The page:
Over the past three years, Gavin has performed Creole Rock and Guyanese folk songs at music festivals around the world including the Dominican Republic, Colombia, Brazil, the US, and China.
He believes there is global demand for traditional and modern Caribbean music and is hopeful that more local and regional musicians will get the chance to pursue their dreams just like him.
Everywhere I go people seem to be fascinated by folk music and that’s because I look and sound different, Gavin states. Foreigners are very receptive and you can see the enjoyment on their faces when I play.
What is lacking in the Caribbean is access to resources and especially education on the business of music. Things like what to do with your music after it’s been recorded. How to get it onto streaming sites. How to promote it properly and reach an audience. All of that still needs work.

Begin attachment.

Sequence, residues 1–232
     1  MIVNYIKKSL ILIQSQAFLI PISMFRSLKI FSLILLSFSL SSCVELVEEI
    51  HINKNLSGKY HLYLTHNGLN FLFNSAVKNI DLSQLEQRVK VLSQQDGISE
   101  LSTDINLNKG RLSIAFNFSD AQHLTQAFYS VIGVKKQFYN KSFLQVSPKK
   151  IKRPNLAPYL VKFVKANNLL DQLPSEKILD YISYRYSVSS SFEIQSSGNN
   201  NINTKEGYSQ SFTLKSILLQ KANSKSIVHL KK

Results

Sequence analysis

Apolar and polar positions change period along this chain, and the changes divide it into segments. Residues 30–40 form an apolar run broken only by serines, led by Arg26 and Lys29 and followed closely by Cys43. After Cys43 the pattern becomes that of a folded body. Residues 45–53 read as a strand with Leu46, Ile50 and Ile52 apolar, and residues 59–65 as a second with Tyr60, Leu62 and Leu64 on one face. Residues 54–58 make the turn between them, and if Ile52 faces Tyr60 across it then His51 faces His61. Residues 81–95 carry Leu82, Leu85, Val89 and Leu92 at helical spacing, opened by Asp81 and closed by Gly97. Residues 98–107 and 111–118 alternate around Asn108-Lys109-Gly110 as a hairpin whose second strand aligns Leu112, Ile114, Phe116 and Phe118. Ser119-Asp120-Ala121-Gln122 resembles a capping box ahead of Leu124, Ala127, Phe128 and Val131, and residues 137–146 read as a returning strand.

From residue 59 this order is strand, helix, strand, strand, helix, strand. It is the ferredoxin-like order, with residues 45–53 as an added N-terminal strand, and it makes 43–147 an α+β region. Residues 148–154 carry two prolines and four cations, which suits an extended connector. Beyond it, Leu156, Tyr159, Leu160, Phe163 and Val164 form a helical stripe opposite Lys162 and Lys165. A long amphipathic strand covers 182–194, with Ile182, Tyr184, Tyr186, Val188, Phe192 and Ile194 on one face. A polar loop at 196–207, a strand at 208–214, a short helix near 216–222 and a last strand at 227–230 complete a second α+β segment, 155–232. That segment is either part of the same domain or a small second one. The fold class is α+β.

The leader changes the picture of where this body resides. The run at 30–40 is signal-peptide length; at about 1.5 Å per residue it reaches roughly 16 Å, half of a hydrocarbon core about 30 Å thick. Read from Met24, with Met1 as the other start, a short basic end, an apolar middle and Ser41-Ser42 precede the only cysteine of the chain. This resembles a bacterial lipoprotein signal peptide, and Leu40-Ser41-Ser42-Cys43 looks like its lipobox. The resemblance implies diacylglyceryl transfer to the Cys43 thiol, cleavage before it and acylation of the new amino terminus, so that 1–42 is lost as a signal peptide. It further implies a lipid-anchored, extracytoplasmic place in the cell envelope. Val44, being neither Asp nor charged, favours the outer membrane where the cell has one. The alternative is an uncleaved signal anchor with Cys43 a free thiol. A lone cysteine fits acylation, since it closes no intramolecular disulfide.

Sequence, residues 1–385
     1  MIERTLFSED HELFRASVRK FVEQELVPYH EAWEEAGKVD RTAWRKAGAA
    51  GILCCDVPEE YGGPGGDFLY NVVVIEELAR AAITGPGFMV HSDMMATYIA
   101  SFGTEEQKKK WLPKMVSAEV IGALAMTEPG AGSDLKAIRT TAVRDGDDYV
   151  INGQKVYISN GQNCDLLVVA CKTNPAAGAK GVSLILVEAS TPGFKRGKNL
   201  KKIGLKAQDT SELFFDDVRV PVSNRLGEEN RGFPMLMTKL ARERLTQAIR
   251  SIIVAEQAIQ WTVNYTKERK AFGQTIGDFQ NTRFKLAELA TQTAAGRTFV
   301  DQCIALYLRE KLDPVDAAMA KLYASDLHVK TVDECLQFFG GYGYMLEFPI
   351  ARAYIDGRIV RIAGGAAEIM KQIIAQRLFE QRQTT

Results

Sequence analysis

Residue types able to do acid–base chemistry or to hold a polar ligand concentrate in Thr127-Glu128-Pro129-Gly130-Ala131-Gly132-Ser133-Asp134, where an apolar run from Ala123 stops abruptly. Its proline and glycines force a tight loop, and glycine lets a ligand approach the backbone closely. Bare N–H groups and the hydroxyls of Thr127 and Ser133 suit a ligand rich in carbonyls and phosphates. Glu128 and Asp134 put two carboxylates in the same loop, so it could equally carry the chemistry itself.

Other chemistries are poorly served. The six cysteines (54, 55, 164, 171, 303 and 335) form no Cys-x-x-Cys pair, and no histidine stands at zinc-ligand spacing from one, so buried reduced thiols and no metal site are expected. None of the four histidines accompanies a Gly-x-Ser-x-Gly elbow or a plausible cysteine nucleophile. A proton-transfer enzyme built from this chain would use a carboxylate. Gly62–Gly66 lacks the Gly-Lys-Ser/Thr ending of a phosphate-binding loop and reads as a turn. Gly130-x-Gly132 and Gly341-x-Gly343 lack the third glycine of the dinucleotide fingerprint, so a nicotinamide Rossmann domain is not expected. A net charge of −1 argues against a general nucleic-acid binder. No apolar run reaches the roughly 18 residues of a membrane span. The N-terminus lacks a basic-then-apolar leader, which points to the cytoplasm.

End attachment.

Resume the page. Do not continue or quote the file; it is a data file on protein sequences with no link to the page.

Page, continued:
More can be done and should be done to get Guyanese and Caribbean music ready for the world market because more young people deserve the opportunity to be export ready.
Gavin has not travelled for over a year because of COVID-19 but he is now fully vaccinated and planning to go on the road again. In October he will perform in North Carolina at the first Ethno USA event a folk, world and traditional music festival which aims to revive and keep alive global cultural heritage.
Gavin says: The pandemic hit us very hard and as a musician in Guyana it was depressing and difficult to know how we would recover. But to be able to get back out there on my cultural mission, makes me very happy.
I believe the work I am doing has a bigger purpose and I get my satisfaction from that, because I love what I do.
Children, children (Yes Papa?)
Where have you been? (Grand mama)
What did she give you? (Cheese and Bread)
Where is mine? (On de shelf)
How me gon get am? (Climb pon a chair)
And if me fall? (Me nah cay’)
Guyanese folk song Small Days.